DDG 121 Frank E. Petersen Jr.
Construction began on the future USS Frank E. Petersen Jr. (DDG 121) 27 April 2016 at the Huntington Ingalls Industries shipyard in Pascagoula, Mississippi, and the ship is expected to enter the Navy fleet in 2020. Frank E. Petersen, Jr. will be built in the Flight IIA configuration with the AEGIS Baseline 9 Combat System which includes Integrated Air and Missile Defense (IAMD) capability. This system delivers quick reaction time, high firepower and increased electronic countermeasures capability for Anti-Air Warfare. The ship will be 509 feet long, have a beam length of 59 feet and be capable of operating at speeds in excess of 30 knots.
Arleigh Burke-class destroyers conduct a variety of operations from peacetime presence and crisis response to sea control and power projection. DDG 121 will be capable of fighting air, surface and subsurface battles simultaneously, and will contain a combination of offensive and defensive weapon systems designed to support maritime warfare including integrated air and missile defense and vertical launch capabilities.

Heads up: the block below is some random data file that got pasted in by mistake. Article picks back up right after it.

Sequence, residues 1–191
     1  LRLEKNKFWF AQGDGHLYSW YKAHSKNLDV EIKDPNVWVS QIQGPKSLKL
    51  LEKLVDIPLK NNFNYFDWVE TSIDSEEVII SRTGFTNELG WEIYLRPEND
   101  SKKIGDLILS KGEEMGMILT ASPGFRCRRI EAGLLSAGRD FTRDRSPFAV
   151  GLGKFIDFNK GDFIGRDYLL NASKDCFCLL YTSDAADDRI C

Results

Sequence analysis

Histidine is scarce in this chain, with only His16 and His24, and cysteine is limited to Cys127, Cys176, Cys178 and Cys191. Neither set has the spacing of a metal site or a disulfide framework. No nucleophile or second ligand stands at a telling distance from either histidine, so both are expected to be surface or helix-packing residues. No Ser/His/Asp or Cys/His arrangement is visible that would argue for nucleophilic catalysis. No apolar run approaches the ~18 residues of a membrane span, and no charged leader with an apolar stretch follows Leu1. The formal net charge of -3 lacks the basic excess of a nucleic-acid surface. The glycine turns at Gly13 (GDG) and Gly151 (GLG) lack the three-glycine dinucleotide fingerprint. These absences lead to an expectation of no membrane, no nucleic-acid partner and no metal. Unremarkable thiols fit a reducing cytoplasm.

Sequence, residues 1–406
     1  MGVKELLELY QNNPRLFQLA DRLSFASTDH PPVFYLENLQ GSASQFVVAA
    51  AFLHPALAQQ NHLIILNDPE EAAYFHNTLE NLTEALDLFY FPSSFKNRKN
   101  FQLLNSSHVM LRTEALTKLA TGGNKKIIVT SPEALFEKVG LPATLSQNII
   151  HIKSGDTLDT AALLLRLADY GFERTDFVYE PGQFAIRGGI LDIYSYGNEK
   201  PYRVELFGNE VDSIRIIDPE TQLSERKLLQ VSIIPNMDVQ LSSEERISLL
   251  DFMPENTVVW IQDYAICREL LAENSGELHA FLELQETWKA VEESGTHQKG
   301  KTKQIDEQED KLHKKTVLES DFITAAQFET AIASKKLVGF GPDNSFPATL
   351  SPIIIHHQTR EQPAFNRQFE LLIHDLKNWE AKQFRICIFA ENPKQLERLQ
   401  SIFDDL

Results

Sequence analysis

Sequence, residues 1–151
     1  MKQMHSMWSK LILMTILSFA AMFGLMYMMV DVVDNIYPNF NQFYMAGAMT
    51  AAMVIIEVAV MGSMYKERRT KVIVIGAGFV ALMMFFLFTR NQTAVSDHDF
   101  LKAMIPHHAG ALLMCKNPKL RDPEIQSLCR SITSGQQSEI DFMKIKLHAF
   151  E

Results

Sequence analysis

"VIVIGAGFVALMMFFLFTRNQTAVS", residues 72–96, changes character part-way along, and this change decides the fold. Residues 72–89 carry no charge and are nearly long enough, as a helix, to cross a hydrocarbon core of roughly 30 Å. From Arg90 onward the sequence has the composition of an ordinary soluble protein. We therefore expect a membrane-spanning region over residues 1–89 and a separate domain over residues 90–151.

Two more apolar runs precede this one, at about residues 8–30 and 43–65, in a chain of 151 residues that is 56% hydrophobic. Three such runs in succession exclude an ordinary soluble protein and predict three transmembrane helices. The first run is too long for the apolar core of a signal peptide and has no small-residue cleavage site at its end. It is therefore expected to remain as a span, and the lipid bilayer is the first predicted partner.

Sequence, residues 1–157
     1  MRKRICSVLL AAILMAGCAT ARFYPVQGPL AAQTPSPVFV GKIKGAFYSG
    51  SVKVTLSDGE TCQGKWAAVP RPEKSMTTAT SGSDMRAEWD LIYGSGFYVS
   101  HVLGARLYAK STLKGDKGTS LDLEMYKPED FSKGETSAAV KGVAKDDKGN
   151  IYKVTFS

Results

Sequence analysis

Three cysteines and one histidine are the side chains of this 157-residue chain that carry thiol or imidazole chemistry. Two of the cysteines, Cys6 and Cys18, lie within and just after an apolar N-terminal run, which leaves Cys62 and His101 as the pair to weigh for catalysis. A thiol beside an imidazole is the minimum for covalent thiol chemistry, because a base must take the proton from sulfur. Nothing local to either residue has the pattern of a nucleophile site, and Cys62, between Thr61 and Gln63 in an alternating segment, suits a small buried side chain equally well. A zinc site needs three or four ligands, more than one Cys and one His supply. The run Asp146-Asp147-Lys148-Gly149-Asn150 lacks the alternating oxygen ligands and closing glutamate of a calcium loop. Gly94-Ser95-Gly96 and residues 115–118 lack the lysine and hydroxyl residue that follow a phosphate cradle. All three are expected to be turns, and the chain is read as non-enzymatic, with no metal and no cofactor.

In a ceremony 09 November 2016 at Marine Corps Air Station Cherry Point, Secretary of the Navy Ray Mabus announced that the Arleigh Burke-class destroyer, DDG 121, will be named Frank E. Petersen Jr., in honor of the Marine Corps lieutenant general who was the first African-American Marine Corps aviator and the first African-American Marine Corps general officer.
In 1950, two years after President Harry S. Truman desegregated the armed forces, Petersen enlisted in the Navy. In 1952, Petersen was commissioned as a second lieutenant in the Marine Corps. He would go on to fly 350 combat missions during the Korean and Vietnam Wars. He also went on to become the first African-American in the Marine Corps to command a fighter squadron, an air group and a major base. Petersen retired from the Marine Corps in 1988 after 38 years of service. At the time of his retirement he was, by date of designation, the senior-ranking aviator in the Marine Corps and the United States Navy.
Petersen died in 2015 at his home in Stevensville, Maryland, near Annapolis, at the age of 83. This is the first ship to be named for Petersen. "The courage and perseverance of Lt. Gen. Petersen throughout his distinguished and ground-breaking career make him especially deserving of this honor," said Mabus. "Those who serve aboard DDG 121 will, for decades, carry on the storied legacy of this Marine Corps hero."
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